Neither conservative donor responded to requests for comment.
Another billionaire, the Boston-based investor Seth Klarman, gave $200,000 to the Massachusetts campaign to keep the anti-discrimination law.
“All human beings deserve the same basic protections,” Klarman said in an email. “I have faith that a majority of people share my belief, and will vote Yes on 3 to protect the rights of transgender people.”
In South Dakota, outsider money in ballot measures has so angered Speaker of the House Mark Mickelson that he penned his own initiative. The Republican is leading a campaign to ban out-of-state contributions to ballot-measure efforts in his state, where politicians are still debating a 2016 measure backed by a national group that sought to tighten lobbying and campaign-finance rules.The measure passed, but was overturned by the legislature the following year. Now the same national group is behind a similar ballot campaign to again tighten ethics rules and create a new government-accountability board — but this time in the form of a constitutional amendment, so that the legislature can’t repeal it.
“I’m sick and tired of liberal political groups and out-of-state businesses treating South Dakota like it’s a political playground,” Mickelson said. “My goal is to send all those people that don’t live here a message: Go somewhere else.”
Critics have said his proposed ban on out-of-state funding is unconstitutional.
“If they want to file and fight it in court, we’d be happy to see them there,” Mickelson said. “But hopefully they just determine they can go screw around in Idaho or some other state.”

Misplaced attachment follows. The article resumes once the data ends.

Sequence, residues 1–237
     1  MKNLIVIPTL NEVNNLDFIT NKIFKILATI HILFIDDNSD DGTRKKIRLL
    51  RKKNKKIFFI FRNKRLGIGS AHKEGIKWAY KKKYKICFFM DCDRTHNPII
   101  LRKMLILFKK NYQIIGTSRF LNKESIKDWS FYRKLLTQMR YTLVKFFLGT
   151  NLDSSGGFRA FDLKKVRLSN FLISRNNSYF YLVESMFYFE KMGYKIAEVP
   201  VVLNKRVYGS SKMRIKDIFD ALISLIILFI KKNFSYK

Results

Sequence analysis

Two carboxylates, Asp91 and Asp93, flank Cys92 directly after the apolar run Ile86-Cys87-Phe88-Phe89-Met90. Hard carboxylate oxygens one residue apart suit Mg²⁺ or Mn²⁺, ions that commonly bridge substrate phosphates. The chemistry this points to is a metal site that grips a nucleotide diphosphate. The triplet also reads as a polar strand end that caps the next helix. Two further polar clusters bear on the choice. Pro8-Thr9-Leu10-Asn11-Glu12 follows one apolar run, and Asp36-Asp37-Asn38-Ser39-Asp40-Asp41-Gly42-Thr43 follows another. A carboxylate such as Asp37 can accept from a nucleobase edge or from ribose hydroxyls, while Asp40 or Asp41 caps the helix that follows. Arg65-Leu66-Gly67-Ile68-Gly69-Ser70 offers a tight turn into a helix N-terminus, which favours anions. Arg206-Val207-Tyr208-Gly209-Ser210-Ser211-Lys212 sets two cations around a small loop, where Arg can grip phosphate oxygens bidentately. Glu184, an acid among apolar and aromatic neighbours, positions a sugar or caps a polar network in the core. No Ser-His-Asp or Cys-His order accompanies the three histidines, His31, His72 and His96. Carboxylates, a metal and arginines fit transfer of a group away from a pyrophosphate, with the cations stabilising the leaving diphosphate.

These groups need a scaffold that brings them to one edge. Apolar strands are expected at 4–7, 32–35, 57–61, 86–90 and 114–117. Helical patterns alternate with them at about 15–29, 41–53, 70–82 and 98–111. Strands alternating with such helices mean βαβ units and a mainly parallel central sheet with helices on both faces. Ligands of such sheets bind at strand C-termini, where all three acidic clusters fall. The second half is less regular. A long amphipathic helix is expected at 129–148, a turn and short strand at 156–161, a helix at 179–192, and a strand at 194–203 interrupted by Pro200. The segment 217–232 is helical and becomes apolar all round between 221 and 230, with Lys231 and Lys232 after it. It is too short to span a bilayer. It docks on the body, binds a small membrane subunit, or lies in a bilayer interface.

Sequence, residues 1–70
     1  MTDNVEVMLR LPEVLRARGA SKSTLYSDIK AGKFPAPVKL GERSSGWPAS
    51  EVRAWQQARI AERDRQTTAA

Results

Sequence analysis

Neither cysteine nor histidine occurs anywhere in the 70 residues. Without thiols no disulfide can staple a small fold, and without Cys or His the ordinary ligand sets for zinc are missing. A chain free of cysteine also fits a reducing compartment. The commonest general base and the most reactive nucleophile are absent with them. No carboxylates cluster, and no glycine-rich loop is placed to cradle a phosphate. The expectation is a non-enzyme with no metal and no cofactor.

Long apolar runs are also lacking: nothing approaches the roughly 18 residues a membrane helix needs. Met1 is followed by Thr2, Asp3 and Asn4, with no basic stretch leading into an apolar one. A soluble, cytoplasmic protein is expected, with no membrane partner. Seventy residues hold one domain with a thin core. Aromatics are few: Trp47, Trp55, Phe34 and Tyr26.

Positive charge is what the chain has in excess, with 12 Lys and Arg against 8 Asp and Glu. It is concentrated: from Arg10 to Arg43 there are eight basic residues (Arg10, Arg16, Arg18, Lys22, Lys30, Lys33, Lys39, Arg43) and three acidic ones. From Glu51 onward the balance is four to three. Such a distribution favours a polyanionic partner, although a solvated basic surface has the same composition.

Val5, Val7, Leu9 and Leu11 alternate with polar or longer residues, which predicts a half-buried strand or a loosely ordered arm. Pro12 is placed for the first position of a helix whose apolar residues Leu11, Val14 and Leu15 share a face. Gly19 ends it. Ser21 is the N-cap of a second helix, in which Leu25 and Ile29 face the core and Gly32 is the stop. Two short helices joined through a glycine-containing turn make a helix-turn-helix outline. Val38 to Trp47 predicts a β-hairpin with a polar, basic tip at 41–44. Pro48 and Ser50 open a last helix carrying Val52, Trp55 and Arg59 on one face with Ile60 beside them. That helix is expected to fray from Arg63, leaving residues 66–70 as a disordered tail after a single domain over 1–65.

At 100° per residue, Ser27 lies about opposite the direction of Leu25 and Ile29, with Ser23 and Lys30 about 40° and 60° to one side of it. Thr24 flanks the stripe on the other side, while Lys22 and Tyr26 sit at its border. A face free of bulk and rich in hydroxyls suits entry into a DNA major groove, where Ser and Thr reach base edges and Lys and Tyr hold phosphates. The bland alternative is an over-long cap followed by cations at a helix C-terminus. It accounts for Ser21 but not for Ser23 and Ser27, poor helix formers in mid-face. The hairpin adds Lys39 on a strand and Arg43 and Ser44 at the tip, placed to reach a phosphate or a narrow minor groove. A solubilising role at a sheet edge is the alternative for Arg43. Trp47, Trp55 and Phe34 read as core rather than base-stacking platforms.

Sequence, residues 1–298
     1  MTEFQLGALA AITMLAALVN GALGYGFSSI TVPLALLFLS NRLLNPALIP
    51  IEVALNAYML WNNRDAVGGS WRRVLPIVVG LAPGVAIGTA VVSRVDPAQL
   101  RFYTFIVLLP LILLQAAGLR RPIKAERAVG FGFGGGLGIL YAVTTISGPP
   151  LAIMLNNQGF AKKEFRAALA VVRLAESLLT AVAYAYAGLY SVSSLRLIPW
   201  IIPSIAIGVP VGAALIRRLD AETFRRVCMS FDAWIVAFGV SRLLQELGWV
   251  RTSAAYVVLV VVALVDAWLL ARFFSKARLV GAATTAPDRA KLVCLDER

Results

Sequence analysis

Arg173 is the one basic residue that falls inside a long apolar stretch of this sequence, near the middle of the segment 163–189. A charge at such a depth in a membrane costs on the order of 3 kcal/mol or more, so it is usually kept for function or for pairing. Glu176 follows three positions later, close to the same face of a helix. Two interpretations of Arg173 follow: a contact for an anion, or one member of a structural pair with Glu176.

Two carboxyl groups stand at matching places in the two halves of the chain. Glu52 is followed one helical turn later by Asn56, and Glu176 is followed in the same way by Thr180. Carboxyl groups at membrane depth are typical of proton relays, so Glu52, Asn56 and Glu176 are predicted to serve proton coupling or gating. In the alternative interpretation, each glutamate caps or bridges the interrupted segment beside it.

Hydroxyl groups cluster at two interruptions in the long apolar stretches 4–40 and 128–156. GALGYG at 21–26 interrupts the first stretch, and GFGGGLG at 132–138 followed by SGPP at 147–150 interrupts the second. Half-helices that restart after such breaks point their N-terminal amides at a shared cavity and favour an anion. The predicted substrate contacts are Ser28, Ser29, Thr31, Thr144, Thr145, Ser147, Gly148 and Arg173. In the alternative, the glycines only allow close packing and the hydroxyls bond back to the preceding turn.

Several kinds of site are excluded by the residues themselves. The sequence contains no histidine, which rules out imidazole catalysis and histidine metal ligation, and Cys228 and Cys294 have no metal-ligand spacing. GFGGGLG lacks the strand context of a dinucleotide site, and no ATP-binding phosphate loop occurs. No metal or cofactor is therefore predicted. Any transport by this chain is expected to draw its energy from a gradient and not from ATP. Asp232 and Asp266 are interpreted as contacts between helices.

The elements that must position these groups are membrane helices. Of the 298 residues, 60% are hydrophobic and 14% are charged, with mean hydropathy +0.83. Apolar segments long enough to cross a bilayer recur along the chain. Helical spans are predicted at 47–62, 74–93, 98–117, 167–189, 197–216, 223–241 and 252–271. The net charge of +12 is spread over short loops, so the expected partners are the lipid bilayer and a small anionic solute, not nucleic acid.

For Zuckerberg, part of the motivation for getting involved in Ohio’s Issue 1 may be rooted in his 30-state tour last year, which included a sit-down with a group of recovering heroin addicts in Dayton. Later in the tour, Zuckerberg spoke emotionally about the experience.
“The biggest surprise by far has been the extent of the opioid issues,” he said. “It is really saddening to see.”
Supporters of Issue 1 said the measure has the backing of a coalition of local groups wanting to solve local problems, not just the support of Zuckerberg and Chan.
“This has been a three-year effort in Ohio started by faith leaders and community organizers and people who have just had enough of our incredibly high rates of incarceration and our incredibly high rates of addiction,” said Amy Hanauer, the executive director of Policy Matters Ohio, a liberal think tank. “It’s a homegrown effort.”
But a close look reveals a somewhat more complicated history.
The measure got onto the ballot with the help of the national Alliance for Safety and Justice, a project of the liberal nonprofit Tides Center based in California that does not reveal its donors. The alliance had previously spearheaded the passage of California’s Proposition 47, which shrank many criminal charges from felonies to misdemeanors. In 2015, it approached the Ohio Justice and Policy Center, which was already working on shrinking Ohio’s prison population, according to the Ohio group’s deputy director, Stephen JohnsonGrove.